Artist envisions drone-proof city

How would you feel about living in a city where drones aren't able to function?

We've heard all about them. Drones used to spy on European farms , pint-sized Hornet helicopters employed to oust insurgents, and the privacy concerns that follow the use of such technology.

How would you feel about living in a city where drones aren't able to function?

That's the idea behind conceptual artist Asher J. Kohn's "Shura City" design. Keep in mind it is a purely speculative design, which muses over what construction factors could be used to either confuse or render drone technology useless.

Envisioning several different ideas, Kohn describes a number of features:

Buildings: Concrete being the material of choice, the artist says that "the backbone of the city must be highly structured yet retain elements of randomness," in order to confuse surveillance drones and make tracking a resident's movements more difficult.

Windows: Fashioned from multicolored blocks of glass, the windows would be constructed not to hamper someone looking out, but keep people from looking in.

Roof: The concept design includes a shared roof that would aim to keep the entire area at roughly the same temperature in order to prevent drones detecting individual heat signatures.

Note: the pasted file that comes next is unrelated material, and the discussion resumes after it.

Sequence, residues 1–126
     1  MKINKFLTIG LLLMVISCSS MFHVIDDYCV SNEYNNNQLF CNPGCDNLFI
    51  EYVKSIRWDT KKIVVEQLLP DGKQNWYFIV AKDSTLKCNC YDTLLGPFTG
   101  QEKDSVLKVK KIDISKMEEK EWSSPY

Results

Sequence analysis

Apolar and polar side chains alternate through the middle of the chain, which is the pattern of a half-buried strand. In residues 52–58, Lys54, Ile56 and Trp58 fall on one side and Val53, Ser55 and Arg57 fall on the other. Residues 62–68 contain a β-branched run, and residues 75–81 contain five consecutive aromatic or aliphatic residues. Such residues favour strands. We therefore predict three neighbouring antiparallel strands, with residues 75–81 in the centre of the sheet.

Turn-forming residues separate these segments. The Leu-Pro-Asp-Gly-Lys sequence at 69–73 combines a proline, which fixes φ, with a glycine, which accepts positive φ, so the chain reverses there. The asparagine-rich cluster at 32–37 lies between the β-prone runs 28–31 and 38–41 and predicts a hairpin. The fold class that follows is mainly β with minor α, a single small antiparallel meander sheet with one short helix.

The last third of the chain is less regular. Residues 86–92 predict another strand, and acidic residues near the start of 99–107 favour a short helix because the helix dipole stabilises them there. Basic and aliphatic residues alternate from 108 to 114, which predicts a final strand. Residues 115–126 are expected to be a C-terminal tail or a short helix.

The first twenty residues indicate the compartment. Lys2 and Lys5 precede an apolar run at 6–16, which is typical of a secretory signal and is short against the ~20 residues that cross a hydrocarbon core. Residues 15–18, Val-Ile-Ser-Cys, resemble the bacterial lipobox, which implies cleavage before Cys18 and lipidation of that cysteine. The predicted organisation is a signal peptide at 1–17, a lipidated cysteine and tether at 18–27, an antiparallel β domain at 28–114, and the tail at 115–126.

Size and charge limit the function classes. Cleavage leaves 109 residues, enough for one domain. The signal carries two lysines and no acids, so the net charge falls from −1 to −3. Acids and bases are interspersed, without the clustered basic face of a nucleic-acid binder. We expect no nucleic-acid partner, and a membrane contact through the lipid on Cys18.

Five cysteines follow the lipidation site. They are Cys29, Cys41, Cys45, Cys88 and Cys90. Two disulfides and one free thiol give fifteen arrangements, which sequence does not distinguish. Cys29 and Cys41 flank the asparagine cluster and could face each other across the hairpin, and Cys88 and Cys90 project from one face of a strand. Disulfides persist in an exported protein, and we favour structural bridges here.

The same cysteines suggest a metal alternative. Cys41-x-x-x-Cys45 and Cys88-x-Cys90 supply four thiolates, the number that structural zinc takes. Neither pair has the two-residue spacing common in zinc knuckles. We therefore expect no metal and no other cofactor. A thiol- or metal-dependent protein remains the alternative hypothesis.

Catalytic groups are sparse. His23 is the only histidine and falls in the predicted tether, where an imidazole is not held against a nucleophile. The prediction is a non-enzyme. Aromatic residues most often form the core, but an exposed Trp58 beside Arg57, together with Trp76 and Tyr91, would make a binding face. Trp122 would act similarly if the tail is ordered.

Towers: Minarets -- apart from being what the artist calls "a symbol of the inhabitants" would also be constructed in order to make drone passes difficult and dangerous for low-fliers.

Cooling towers: Otherwise known as badgirs, these powers would suck air in through a chimney and cool it before redistribution -- once again hiding human heat signatures.

There is logic within elements of the design, which appears to be focused around obscuring residents from surveillance rather than providing active defense against the military use of drones. Kohn commented:

"Drones are a way to use the city. Architects will have to interact with them and create built environments that will either promote or inhibit their use. At this stage, political questions that define who we are as a society and who we include in a society are part-and-parcel of talk on drones. I hope to demonstrate how architects, lawyers, and countless other professions and labors can interact with drones instead of simply being subject to them."

(Hat tip: PopSci)

Image credit: Asher J. Kohn


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